INDIANAPOLIS (Legal Newsline) - Indiana Attorney General Greg Zoeller announced on Monday that he has filed a lawsuit against a former sheriff and a sheriff's deputy who allegedly misused more than $52,000 while in office.
Zoeller alleges that Sheriff Calvin "Bud" Gray, a former Indiana sheriff in Hancock County, owes $42,556.33 to the county treasury. The money represents, Zoeller claims, travel expenditures he improperly documented, shortages of funds and purchases he made with public money.
The suit also alleges that sheriff's deputy Sgt. Brian Ellison owes $9,940.84 to reimburse shortages from an undercover drug-purchase fund.
An audit of the Hancock County Sheriff's Department's finances was conducted by the State Board of Accounts and completed on Jan. 12. The audit came about due to Gray's arrest in August on a criminal charge of obstruction.
"The vast majority of law enforcement officers in Indiana act with the highest integrity in their service protecting the public," Zoeller said.
"So it is extremely disheartening to learn from this audit that two officers are accused of failing to account for the public funds with which they are entrusted as their duties required. They are legally responsible for these funds and by law must repay what is unaccounted for, and it is my duty to collect to maintain the trust of the public we all serve."
Under state law, the attorney general has the authority to recover money from anyone who has misappropriated public money.
Zoeller seeks triple damages against both Gray and Ellison, as well as all costs related to the litigation. He also wants a temporary restraining order and preliminary injunction against both defendants so that their assets will be frozen and they cannot transfer, conceal or dissipate them until the lawsuit is resolved.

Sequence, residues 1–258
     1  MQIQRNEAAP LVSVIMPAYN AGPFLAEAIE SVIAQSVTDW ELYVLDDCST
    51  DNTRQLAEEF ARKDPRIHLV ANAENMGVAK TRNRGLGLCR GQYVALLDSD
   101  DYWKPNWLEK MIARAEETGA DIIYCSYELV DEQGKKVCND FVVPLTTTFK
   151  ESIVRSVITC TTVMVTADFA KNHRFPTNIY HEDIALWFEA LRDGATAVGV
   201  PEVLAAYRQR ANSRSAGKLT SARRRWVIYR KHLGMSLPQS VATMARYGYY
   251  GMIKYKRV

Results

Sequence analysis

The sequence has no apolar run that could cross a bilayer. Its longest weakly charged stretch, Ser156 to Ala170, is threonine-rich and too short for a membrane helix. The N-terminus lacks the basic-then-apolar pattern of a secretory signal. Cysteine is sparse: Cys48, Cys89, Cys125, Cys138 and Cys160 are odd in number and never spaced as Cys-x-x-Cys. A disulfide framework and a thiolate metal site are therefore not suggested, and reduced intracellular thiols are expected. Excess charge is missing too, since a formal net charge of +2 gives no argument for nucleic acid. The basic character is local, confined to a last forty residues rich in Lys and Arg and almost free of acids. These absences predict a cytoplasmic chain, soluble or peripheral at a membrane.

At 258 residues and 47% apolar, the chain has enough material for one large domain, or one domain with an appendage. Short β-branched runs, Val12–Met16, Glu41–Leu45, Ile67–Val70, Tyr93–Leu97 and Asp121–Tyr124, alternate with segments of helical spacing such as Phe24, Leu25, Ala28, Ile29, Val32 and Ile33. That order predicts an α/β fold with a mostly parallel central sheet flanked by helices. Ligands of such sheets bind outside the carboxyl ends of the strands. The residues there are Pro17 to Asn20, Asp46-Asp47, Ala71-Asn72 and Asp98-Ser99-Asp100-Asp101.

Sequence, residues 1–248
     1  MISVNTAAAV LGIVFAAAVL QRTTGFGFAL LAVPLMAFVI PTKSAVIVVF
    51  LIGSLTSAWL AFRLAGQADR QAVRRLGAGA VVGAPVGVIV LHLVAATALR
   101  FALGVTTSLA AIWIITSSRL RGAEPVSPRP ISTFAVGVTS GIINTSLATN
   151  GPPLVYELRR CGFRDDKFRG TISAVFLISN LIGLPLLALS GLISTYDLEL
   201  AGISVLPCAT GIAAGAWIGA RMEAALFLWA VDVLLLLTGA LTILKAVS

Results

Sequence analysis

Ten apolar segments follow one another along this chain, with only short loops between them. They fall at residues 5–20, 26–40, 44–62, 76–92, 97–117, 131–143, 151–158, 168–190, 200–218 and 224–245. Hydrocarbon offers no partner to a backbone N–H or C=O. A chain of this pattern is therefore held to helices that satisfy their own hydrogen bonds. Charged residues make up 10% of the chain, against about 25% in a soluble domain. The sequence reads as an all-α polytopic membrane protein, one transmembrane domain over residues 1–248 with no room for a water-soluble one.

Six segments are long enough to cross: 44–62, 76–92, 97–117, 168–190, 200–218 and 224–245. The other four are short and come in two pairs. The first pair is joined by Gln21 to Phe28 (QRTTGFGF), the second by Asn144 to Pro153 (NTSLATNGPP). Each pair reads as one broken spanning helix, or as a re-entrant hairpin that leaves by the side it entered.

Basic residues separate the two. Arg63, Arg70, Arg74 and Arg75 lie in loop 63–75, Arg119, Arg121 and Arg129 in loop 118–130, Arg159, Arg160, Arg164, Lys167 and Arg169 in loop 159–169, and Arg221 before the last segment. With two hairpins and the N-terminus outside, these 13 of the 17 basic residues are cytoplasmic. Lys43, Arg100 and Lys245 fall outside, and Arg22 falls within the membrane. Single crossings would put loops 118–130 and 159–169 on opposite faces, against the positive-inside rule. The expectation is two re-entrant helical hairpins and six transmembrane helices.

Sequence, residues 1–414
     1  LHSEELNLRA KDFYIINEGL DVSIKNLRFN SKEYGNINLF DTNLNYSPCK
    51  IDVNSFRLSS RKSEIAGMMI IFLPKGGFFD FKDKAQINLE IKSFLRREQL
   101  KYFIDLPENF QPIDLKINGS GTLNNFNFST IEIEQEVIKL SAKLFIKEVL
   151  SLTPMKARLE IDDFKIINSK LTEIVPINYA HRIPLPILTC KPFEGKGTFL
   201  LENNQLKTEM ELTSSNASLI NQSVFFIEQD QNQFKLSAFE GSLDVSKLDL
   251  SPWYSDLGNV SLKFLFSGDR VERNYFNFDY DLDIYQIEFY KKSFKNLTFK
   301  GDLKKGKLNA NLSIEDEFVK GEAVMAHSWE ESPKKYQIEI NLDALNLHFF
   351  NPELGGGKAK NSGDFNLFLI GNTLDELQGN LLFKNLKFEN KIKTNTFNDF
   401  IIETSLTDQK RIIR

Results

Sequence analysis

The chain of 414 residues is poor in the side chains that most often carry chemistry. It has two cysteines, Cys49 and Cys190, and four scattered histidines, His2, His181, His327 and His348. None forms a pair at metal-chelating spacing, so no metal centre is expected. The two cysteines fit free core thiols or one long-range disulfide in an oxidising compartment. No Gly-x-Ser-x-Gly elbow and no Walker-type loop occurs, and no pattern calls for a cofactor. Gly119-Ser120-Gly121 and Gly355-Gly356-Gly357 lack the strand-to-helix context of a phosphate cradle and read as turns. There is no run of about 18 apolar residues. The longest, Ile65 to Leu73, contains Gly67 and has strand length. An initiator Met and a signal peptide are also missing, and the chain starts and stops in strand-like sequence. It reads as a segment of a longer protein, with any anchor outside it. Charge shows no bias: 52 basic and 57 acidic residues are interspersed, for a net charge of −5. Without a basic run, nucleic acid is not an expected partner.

The audit conducted dealt with a period between Jan. 1, 2007 and Aug. 31, 2010.
During that time, Gray charged $52,841.65 in travel expenditures for hotel stays, meals and fuel, but nearly $26,400 lacked receipts to document purpose or justification, Zoeller says. Gray also allegedly shortchanged the office with other schemes.
The audit also found a shortage of $9,940.84 in "buy money" used for undercover drug purchases and require Ellison to pay it back, since he was the department's drug enforcement supervisor at the time, Zoeller says.
The Western Surety Company was also named as a defendant in the lawsuit. Gray had a surety bond through the company for $15,000 a year for the first three years and $30,000 the fourth year. Ellison was also covered under the county's blanket $50,000 surety bond policy.
Any amounts not recovered from the bonding company will be sought directly from Gray and Ellison.